Cars in the Future

  • Published: The Royal Society for the Prevention of Accidents, 2007
  • Authors: The Royal Society for the Prevention of Accidents
  • Date Added: 04 Feb 2013
  • Last Update: 14 Feb 2016
  • Format: pdf


This paper seeks to explore how driving will change in the future due to the advances in technology, and how it interacts with the driver. It will look at what predicted casualty savings we can expect from new technology, as well as how quickly it will spread into the market.


The policy paper is not intended to look at technical engineering issues, nor is it an in depth literature review of any of the technologies which it discusses. It will look at how technology will change the way cars and the roads are used as well as looking at and raising key issues which need addressing from literature and scientific studies, in order to facilitate a smooth introduction of vehicle safety systems.

Key Findings:

The insurance industry state that over 80 per cent of personal injury claims arising from motor vehicle RTIs are Whiplash Associated Disorders, and report that this totals around 250,000 injuries per year.The majority of Whiplash Associated Disorders occur when a vehicle has been struck from the rear, and this means that head restraints can be used as a counter measure in order to reduce both the likelihood and severity of an injury.A well-adjusted and well-designed head restraint can limit the movement of the neck and support the head for a longer period in an RTI.Booster child seats with side wings can reduce the risk of injury to children in a side impact, as they help to contain the head and prevent it from hitting an intruding vehicle of the interior of the car.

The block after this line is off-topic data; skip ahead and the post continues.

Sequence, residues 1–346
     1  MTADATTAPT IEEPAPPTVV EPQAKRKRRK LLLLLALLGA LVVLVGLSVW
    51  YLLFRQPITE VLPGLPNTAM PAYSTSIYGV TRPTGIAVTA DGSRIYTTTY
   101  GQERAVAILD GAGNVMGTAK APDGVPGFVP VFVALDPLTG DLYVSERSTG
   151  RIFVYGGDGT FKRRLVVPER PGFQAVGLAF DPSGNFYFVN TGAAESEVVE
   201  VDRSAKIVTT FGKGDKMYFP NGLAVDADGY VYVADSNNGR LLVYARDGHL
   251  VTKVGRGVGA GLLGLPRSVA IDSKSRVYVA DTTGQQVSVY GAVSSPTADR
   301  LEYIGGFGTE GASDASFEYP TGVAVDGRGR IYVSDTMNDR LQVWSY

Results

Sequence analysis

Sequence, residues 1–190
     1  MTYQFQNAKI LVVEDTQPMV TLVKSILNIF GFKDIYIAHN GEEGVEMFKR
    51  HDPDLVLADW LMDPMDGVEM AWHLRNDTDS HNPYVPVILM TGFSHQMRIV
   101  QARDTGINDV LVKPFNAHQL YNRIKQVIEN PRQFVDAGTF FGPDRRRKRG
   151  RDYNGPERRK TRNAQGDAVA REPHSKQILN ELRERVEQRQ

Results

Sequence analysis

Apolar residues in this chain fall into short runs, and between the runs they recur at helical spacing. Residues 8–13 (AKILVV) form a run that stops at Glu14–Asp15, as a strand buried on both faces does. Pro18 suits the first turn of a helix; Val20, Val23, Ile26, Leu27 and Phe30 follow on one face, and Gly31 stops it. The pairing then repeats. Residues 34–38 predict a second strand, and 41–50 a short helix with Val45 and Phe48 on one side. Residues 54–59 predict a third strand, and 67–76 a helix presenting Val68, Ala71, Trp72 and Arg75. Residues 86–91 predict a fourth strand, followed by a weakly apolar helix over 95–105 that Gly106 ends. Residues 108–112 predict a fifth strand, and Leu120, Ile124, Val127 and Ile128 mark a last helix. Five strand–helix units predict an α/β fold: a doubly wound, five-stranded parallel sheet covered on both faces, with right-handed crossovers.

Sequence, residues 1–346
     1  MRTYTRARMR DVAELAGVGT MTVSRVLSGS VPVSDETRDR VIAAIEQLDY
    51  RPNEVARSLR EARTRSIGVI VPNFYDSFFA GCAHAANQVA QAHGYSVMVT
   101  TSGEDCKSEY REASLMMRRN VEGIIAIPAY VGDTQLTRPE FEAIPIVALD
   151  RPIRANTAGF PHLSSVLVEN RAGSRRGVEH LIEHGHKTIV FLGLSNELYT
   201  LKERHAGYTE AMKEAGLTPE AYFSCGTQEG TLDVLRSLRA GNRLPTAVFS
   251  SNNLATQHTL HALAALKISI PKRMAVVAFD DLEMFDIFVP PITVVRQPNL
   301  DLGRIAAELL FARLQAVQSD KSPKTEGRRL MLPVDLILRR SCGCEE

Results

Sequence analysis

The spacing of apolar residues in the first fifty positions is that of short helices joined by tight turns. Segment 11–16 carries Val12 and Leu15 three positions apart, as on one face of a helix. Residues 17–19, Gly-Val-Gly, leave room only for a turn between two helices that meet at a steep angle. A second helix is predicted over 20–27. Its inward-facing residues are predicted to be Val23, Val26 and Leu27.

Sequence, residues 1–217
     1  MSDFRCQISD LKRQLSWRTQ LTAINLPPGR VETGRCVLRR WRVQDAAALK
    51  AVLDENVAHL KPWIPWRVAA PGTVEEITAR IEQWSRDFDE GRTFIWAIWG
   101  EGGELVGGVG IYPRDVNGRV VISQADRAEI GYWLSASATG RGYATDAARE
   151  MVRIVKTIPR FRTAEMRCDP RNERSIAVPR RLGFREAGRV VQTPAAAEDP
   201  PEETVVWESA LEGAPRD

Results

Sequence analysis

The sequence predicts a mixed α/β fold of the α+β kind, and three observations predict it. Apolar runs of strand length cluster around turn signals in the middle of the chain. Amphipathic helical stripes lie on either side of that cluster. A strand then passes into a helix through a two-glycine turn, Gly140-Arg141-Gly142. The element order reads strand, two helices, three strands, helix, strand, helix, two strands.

Head Restraints, Whiplash, Child restraints


A policy paper, but highlights some important points relating to head and child restraints.